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Say we have this class:

class book {
  book(int pages = 0) {pages = m_pages;}
  getPages() { return m_pages;}
  setPages(int pages) { pages = m_pages;}
  int m_pages;

I never understand when to use a pointer to a class, or when to make an object of it. Example: what is better and why?

book The_lord_of_the_rings;


book* The_lord_of_the_rings;


share|improve this question
Never make a pointer. – Kerrek SB Mar 8 '13 at 9:34
book(int pages = 0) {pages = m_pages;} shouldn't it be book(int pages = 0) {m_pages = pages;}? – varnie Mar 8 '13 at 9:35
@KerrekSB Why that? – user529758 Mar 8 '13 at 9:36
@H2CO3: If there's a strong reason to use a raw pointer, you would know it. If you aren't sure, then you probably don't need it :-) It's only approximate advice, but I'm test-driving it to see if it makes a good first lesson. – Kerrek SB Mar 8 '13 at 9:39
@H2CO3: But seriously, implementing your own data structure falls under "know what you're doing". I've come to amend the general rule to read, "never use public naked pointers". For private variables they're OK, because they're tightly controlled by the class author and there's no semantic leak. – Kerrek SB Mar 8 '13 at 9:42
up vote 2 down vote accepted

In the first case the variable The_lord_of_the_rings is the object. In the second case, the variable points to somewhere else in memory where the object is.

Lets try a simple ASCII imagery:

In the first case you have an object:

| The_lord_of_the_rings                 |
| (All data associated with the object) |

In the second example you have a pointer:

+-----------------------+       +--------------------------------+
| The_lord_of_the_rings | ----> | The actual object and its data |
+-----------------------+       +--------------------------------+

However: As noted by juanchopanza in a comment, a pointer doesn't actually have to point to a valid object. If you just declare a pointer as a local variable, it's not initialized and points to a seemingly random location in memory. Dereferencing (accessing data the pointer points to) in this case leads to undefined behavior, and may actually crash the program. A pointer should always be initialized to point to a valid object before it can be used.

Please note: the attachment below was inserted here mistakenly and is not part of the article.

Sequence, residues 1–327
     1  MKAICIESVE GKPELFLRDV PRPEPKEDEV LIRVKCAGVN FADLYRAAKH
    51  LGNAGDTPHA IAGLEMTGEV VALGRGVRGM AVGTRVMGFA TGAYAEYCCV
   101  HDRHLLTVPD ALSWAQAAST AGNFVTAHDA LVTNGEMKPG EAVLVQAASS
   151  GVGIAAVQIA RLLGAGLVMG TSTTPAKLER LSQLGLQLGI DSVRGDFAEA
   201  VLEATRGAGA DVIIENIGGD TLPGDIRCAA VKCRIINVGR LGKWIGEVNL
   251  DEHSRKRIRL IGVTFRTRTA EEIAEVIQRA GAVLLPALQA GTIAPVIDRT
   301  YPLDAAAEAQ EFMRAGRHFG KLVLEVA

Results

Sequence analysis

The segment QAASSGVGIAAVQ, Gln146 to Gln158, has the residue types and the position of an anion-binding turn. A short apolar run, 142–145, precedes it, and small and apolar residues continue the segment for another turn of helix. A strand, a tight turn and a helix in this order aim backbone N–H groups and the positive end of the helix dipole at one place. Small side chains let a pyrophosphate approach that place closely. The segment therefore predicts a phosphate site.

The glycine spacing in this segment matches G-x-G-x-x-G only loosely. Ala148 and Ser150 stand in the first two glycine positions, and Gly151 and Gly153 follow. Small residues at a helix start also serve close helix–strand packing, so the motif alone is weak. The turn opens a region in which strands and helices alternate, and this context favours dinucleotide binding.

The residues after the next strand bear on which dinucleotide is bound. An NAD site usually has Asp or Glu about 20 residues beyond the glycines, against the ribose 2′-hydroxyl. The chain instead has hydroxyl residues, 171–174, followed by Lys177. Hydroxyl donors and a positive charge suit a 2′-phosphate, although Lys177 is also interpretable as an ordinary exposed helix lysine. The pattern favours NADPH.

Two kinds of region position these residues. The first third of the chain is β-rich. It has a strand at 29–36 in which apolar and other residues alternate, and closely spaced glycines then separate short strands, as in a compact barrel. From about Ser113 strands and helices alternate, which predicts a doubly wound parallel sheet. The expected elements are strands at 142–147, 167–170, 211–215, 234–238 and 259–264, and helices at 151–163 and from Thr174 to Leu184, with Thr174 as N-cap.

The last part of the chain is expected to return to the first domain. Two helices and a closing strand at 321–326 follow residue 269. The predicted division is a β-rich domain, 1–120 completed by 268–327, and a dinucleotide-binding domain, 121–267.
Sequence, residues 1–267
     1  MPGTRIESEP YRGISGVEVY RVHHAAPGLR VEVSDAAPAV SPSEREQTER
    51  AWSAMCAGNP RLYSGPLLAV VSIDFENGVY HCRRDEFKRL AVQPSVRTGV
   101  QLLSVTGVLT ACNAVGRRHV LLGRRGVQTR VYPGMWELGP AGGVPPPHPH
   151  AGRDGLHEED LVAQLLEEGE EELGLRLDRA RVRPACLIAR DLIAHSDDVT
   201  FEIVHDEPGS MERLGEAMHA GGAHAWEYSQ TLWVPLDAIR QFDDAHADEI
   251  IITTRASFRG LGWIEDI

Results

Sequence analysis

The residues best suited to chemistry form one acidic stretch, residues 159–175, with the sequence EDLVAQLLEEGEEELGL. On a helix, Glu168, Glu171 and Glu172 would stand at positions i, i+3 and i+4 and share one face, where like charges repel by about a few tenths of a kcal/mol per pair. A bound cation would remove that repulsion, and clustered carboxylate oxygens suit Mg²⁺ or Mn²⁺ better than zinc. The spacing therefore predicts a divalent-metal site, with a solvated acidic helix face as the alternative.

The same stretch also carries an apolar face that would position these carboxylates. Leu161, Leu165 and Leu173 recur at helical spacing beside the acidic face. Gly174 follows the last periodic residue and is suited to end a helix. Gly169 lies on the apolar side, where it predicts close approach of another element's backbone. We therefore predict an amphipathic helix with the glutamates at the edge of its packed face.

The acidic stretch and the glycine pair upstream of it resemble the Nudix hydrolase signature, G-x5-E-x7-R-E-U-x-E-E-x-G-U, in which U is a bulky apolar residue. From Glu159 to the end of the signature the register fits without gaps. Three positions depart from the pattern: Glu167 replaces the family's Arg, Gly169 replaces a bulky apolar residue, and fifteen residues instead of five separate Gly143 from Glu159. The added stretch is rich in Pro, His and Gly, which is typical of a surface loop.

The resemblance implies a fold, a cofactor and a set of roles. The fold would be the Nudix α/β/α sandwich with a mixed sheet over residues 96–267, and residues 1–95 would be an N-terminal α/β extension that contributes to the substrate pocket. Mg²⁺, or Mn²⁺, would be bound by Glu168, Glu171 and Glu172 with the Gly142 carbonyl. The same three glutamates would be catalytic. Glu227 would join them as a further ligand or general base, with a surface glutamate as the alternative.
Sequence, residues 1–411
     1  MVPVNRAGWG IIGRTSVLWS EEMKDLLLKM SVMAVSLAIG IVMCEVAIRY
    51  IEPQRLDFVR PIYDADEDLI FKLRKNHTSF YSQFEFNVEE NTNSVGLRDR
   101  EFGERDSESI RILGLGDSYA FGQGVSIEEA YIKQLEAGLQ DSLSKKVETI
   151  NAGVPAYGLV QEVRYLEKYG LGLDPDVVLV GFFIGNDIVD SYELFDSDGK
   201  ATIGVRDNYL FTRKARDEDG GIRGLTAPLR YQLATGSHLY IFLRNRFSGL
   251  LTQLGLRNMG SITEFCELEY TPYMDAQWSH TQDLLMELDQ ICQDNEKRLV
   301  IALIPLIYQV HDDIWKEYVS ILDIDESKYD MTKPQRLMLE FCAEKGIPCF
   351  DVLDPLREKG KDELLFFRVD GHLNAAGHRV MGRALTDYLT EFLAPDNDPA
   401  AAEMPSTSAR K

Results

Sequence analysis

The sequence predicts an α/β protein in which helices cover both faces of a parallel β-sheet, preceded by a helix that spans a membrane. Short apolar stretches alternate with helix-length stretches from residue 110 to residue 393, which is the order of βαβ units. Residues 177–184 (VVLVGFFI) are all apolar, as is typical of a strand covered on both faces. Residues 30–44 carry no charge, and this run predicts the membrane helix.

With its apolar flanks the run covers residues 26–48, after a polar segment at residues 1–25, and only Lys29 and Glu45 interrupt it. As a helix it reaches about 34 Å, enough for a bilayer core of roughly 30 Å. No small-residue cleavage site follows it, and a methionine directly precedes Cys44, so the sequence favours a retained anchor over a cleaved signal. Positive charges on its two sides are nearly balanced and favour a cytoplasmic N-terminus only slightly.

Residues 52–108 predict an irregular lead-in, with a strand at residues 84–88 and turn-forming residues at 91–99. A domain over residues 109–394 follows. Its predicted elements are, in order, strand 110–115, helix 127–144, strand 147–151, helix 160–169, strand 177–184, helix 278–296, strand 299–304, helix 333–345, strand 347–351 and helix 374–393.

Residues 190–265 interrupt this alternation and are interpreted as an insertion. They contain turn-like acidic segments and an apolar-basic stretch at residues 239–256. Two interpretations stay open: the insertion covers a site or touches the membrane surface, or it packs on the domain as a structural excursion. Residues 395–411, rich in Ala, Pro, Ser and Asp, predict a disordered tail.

In modern C++ there are few reasons to use pointers, especially raw pointers. Now there are good "smart pointers" like std::unique_ptr and std::shared_ptr.

When to use pointers depends much on the situation, but generally you can come a long way with plain objects and references.

share|improve this answer
No, in the second case, the variable just points to somewhere. Not necessarily to a location where there is an object. It doesn't have to, unlike say a reference. I think this distinction is important. – juanchopanza Mar 8 '13 at 9:38
That's understood, thanks for this. – user2140285 Mar 8 '13 at 9:50

To use Polymorphism you need to use pointer to a class.

Another scenario is in embedded systems programming or whenever there is constraint on the available memory, we prefer using pointers, allocate memory on need and de-allocate memory once we are done with the use so that others can get memory when in need.

share|improve this answer
You don't really need pointers, at least not raw pointers, for polymorphism to work. The two concepts are decoupled. – juanchopanza Mar 8 '13 at 9:48
Run time polymorphism to be specific – arun_vj Mar 8 '13 at 10:07
Raw pointers are not even required for that. – juanchopanza Mar 8 '13 at 10:09

I prefer use pointer when have something to do with inheritance and virtual function. It is also useful to get rid of copy constructor called when pass as parameter to function. Pointers give you freedom to allocate/delete(by new/delete keyword) as you feel necessary. On other hand use of object will help you to reduce memory leak problem as the system will claim memory on its own when object is out of scope.

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